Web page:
One of the things that makes it much easier to get by in Europe without owning a car is the abundance of car- and bicycle-sharing programs. We’ve seen them in almost every city we’ve visited this year, and I’ll be sharing pictures from different places.
Greatest sight here: a cyclist with a big white cello case strapped to his shoulder. We’ve also seen trombones and violins carried by people on wheels. One of these days the cellist will slow down or stop at a light and I’ll be able to snap a picture to post here!
Observation of the day: there are more pedestrians and cyclists here in Germany, but cars have a more universal right-of-way. One can never assume that a car will stop to let a pedestrian cross. Maybe I’ve spent too much time on college campuses in the U.S., but I’m used to pedestrian power.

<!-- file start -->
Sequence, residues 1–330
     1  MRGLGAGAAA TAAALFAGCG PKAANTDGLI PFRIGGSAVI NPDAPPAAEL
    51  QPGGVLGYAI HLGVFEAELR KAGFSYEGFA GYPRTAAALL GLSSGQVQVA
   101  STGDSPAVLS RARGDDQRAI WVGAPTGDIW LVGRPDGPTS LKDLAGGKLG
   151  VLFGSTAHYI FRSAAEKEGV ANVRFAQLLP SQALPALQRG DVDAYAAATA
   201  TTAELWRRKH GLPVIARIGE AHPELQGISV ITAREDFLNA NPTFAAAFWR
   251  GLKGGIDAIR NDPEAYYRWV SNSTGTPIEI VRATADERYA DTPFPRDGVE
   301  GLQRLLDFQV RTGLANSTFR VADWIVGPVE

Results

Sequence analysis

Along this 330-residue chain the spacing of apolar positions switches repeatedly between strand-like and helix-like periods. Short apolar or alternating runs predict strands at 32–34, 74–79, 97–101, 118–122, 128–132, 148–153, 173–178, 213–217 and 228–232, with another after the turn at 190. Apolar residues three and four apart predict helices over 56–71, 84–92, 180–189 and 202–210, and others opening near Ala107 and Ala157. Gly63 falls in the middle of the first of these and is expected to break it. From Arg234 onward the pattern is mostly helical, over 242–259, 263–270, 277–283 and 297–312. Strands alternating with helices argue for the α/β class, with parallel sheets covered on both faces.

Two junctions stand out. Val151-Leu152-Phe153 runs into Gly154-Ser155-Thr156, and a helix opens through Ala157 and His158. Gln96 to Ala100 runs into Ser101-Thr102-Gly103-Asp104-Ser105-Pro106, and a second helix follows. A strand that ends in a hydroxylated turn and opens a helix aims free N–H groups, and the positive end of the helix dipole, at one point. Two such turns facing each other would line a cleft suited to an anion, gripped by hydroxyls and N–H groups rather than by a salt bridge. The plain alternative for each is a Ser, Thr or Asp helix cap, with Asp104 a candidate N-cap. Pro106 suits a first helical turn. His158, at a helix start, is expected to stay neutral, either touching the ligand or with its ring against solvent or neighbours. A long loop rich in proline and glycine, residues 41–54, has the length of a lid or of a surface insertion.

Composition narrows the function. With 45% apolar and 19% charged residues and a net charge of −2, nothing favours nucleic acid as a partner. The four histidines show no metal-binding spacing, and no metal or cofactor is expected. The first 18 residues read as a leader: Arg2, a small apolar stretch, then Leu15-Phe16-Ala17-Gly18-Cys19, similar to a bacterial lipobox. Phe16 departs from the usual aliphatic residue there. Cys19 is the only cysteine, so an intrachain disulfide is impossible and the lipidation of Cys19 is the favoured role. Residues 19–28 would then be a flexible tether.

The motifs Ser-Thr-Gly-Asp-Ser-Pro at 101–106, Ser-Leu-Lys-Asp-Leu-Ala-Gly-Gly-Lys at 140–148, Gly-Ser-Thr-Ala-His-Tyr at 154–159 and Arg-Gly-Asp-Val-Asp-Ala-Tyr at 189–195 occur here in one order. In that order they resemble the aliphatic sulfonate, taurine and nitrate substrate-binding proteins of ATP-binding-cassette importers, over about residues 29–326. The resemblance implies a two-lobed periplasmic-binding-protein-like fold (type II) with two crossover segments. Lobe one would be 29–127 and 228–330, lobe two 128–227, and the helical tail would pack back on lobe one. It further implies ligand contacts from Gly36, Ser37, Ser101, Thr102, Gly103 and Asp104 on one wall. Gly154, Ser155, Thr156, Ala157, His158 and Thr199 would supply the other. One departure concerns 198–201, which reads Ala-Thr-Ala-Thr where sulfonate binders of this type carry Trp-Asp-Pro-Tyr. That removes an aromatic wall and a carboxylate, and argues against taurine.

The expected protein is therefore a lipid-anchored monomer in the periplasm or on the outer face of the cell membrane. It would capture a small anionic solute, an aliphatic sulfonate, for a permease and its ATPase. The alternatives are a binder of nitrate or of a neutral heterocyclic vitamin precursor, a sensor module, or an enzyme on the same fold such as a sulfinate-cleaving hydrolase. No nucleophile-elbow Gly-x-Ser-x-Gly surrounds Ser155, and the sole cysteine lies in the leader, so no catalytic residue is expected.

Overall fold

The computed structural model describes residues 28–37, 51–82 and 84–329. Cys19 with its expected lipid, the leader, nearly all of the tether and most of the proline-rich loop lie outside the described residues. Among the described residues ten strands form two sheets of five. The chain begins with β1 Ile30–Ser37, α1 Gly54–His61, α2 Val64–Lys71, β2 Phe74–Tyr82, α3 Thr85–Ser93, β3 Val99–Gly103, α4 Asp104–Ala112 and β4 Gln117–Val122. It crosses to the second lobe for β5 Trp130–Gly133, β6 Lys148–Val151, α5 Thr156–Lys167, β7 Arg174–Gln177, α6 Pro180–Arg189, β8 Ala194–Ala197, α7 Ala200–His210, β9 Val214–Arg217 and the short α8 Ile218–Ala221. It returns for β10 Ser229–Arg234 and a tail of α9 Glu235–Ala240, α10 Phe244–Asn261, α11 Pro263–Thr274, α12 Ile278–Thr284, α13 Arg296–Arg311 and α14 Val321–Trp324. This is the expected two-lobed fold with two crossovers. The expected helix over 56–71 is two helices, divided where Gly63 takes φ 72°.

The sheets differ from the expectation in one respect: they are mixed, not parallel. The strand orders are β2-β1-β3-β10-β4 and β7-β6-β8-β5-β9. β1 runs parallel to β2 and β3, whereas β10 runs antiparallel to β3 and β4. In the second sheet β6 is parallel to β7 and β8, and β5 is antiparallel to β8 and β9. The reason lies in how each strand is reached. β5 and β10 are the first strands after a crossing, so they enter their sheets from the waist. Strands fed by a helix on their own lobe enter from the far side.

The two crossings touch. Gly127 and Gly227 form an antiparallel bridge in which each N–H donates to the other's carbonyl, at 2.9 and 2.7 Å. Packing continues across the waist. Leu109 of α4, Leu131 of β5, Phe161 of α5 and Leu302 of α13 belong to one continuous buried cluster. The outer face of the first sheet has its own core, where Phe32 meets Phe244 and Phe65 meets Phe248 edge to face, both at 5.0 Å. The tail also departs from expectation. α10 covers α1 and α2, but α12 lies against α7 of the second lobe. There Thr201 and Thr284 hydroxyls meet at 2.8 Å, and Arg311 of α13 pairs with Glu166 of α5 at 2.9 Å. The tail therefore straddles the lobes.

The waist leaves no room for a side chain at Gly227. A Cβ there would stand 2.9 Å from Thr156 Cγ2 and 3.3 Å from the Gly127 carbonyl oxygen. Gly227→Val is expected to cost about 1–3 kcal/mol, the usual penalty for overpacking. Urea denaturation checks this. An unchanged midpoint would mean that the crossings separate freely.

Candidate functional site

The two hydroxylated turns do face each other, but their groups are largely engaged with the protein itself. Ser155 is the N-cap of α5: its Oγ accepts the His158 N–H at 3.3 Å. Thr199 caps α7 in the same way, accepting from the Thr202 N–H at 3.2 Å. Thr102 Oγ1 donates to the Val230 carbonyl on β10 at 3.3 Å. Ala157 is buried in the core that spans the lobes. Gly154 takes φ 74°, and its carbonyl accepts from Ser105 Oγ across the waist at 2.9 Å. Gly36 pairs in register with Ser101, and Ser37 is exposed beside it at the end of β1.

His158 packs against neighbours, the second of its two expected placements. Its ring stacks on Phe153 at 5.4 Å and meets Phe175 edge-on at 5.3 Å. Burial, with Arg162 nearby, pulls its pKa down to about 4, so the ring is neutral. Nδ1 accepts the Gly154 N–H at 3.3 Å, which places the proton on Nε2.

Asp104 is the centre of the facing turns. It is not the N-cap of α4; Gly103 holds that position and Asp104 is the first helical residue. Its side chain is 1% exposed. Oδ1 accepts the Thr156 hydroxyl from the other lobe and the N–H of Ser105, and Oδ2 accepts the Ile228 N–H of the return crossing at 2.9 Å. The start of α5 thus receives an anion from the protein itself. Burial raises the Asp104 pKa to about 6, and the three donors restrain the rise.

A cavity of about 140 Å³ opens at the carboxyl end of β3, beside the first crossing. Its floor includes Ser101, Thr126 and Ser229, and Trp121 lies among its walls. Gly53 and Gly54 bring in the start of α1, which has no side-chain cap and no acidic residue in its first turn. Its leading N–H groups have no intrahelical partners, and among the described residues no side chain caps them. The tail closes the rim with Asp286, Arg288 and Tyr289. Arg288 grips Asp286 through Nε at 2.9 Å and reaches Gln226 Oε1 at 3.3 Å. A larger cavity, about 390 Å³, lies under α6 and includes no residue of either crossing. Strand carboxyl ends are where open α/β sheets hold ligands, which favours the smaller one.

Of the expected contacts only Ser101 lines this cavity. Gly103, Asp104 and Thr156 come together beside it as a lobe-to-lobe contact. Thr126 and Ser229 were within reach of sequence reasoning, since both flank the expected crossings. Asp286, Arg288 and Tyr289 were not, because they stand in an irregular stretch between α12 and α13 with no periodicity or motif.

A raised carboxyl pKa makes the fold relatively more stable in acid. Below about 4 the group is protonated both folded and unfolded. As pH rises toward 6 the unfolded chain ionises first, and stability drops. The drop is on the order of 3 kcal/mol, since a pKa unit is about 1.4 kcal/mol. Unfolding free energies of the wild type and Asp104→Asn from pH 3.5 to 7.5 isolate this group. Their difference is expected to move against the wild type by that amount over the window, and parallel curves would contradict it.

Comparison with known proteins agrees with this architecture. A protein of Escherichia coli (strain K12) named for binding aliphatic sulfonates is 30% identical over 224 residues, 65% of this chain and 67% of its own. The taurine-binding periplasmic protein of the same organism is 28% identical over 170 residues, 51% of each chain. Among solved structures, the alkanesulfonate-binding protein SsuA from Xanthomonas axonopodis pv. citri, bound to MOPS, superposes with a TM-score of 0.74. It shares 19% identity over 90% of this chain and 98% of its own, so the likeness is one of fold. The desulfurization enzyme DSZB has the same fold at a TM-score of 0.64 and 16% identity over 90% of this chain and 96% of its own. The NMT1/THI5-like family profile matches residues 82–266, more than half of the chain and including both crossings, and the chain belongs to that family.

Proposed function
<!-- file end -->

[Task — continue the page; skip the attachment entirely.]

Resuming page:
The title of this post may be a little deceiving, because we did not actually take advantage of the ubiquitous transport-sharing programs in Paris. We were able to walk almost everywhere; when distances were too far, we either took a bus or the Metro. That said, the bike-sharing program was incredible.
I am a Brighton resident living this year in Jena, Germany. Jena is a town of about 100,000 people in central/eastern Germany. Most importantly for this blog, our family of four is here without a car. Over the next nine months, I will be posting about our experiences with active transportation (biking, walking) and public transportation (bus, streetcar, train).